Jacobs, Eastwood and Bigelow. The opinion of the court was delivered by Eastwood, J.A.D.
The Grand View Gardens, Inc., contends that the Division of Tax Appeals in the State Department of Taxation and Finance (hereinafter referred to as the "Division"), erred in (1) taking judicial notice of the qualifications of the expert witness offered by the Borough of Hasbrouck Heights; (2) that the witness was not qualified to testify as an expert with respect to the value of the property in question; and (3) that his testimony was insufficient to overcome the presumption of correctness of the judgment of the county board of taxation.
The Bergen County Board of Taxation assessed the improvements, consisting of multiple-family dwellings, comprising 20 apartments and nine garages, situate in the Borough of Hasbrouck Heights, for the year 1949 at the sum of $54,000. On appeal, the Division increased the assessment to $55,000. The only testimony proffered by the Borough of Hasbrouck Heights was that of one William J. Schwen, whose qualifications as an expert were criticised by the appellant. No testimony was offered by the taxpayer.
The taxpayer argues that the hearing commissioners erroneously took judicial notice of the qualifications of one William J. Schwen as a real estate expert. When Mr. Schwen took the witness chair, one of the commissioners made the preliminary statement that: "The court by reason of past
experience with Mr. Schwen is of the opinion that he is qualified." If the record had consisted of nothing more than the acknowledgement by the court, without any proof thereof, of Mr. Schwen's qualifications, we would then concur in the appellant's contention. It is universally recognized that the term "judicial notice" means no more than that the court will bring to its aid and consideration, without proof of the facts, its knowledge of those matters of public concern which are known by all well-informed persons. Generally speaking, judicial knowledge is limited to facts evidenced by public records and facts of general notoriety. "Most matters which the court may notice fall into one of two classes, those which come to the knowledge of men generally in the course of the ordinary experience of life, and are therefore in the mind of the trier, or those which are generally accepted by mankind as true and are capable of ready demonstration by means commonly recognized as authoritative." 31 C.J.S., Evidence, p. 510, sec. 7. Wigmore on Evidence (3 d ed.), vol. IX, sec. 2568, p. 536, in discussing "judicial notice," states: "Judicial notice being a dispensation of one party from producing evidence, it would seem that the party must, in point of form, make a request for it." We are satisfied that under the prevailing applicable rule the qualifications of the witness Schwen had not "come to the knowledge of men generally in the course of the ordinary experience of life," and that his qualifications as an expert could not have been established merely by the commissioner's concession thereof.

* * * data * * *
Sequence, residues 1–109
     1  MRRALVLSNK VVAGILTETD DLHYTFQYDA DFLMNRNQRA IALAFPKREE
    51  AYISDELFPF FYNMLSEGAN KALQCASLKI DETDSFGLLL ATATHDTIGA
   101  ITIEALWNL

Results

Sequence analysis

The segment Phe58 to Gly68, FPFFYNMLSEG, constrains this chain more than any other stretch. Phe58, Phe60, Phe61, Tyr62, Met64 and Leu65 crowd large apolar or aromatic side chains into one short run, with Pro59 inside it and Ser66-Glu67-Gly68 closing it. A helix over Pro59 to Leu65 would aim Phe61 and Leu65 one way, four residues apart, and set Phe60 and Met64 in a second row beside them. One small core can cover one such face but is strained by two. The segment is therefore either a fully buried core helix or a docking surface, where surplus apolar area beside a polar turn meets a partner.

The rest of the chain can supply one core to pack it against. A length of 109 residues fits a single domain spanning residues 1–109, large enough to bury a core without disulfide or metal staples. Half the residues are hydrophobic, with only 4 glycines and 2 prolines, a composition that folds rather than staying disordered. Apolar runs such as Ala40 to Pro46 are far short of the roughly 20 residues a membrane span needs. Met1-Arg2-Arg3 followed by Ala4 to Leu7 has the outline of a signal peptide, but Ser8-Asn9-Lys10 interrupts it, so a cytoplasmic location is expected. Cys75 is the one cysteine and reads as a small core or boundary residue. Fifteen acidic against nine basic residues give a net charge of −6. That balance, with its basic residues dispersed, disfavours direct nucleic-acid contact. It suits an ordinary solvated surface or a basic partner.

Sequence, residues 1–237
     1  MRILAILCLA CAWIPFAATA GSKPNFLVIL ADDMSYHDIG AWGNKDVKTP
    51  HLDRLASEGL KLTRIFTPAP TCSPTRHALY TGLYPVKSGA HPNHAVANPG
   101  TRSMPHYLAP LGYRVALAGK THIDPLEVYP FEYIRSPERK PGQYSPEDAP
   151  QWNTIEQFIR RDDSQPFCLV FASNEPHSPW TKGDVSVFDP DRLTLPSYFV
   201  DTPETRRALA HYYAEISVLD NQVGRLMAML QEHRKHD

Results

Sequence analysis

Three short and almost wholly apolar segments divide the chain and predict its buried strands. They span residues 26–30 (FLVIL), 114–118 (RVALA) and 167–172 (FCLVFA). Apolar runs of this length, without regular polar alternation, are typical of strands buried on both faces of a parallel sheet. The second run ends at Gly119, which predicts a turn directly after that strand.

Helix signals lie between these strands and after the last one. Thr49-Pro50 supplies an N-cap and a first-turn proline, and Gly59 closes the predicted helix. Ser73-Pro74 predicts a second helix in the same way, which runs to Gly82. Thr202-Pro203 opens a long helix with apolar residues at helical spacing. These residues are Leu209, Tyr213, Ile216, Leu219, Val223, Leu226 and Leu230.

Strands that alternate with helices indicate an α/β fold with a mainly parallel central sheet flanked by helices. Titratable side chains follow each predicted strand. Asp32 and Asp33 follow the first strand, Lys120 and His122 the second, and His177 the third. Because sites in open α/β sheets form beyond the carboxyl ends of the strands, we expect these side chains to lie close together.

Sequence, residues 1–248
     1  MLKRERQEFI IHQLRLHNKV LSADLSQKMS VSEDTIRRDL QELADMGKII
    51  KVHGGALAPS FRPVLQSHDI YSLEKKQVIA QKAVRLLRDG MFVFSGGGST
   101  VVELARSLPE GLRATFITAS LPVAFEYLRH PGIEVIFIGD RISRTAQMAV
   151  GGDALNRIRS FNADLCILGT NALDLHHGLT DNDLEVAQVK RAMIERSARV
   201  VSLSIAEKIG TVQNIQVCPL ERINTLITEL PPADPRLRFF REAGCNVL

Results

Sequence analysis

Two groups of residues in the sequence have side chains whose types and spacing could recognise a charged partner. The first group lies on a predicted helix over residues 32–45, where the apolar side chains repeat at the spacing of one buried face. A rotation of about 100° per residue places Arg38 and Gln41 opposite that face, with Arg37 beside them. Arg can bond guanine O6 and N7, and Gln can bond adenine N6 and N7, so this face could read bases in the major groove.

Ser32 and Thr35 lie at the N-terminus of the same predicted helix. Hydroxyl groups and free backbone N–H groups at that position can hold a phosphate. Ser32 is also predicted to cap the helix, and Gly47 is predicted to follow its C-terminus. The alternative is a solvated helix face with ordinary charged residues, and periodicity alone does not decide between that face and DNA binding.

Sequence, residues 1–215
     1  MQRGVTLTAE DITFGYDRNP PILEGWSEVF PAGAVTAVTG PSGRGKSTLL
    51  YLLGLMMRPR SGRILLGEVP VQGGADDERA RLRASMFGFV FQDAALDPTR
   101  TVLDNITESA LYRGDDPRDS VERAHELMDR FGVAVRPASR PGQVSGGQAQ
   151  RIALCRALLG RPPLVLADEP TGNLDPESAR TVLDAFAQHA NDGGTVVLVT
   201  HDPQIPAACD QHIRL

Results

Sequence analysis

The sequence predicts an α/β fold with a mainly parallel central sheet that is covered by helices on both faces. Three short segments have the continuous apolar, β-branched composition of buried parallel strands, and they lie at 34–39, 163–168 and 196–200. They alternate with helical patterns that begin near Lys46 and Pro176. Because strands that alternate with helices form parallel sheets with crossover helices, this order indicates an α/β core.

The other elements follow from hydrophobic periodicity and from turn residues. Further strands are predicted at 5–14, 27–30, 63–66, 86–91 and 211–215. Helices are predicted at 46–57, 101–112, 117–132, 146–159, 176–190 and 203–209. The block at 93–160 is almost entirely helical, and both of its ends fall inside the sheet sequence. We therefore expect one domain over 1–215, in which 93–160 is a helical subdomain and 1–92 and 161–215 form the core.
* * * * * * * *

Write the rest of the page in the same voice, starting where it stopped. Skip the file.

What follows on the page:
The taxpayer's interrogation of Mr. Schwen as to his qualifications reveals that such facts were developed as to support the discretionary determination by the commissioners that he was qualified to testify as to the value of the taxpayer's property. In view of the fact that the courts are universally agreed that the qualification and competency of one to give opinion evidence as an expert is primarily in the discretion of the trial court, and the admission or exclusion of such testimony on the ground that the witness was or was not qualified to testify as to his opinion as an expert, will
not be reviewed or reversed by the appellate court except where there is absolutely no evidence to support the witness' qualifications, or where in deciding upon the question of his competency, the trial court has proceeded upon erroneous legal standards. See Rempfer v. Deerfield Packing Corp. , 4 N.J. 135, 142 (1950).
The rule in New Jersey is settled that there is a presumption of law in favor of the assessments as revised by the county board of taxation, but that presumption is not in itself evidence. It is a mere rule of law that obtains in the absence of explanatory facts to the contrary. "A presumption of law compels the particular conclusion in the absence of evidence contra; e converso , it disappears as a rule of law where there is an adduction of substantial evidence by way of contradiction or explanation." Meltzer v. Division of Tax Appeals , 134 N.J.L. 510, 512 (Sup. Ct. 1946). Our review of the record convinces us that there was sufficient competent proof adduced through the expert witness to support the findings of the Division and that it is unessential for us to make new findings of fact. The municipality's witness testified as to a value, in his opinion, on the property in question at $180,000. The parties conceded that $9,000 is the land value. It is obvious that the municipality's proof was such as to have overcome the presumption of law in favor of the assessment as revised by the county board.
We find no merit in the other contentions advanced by the appellant.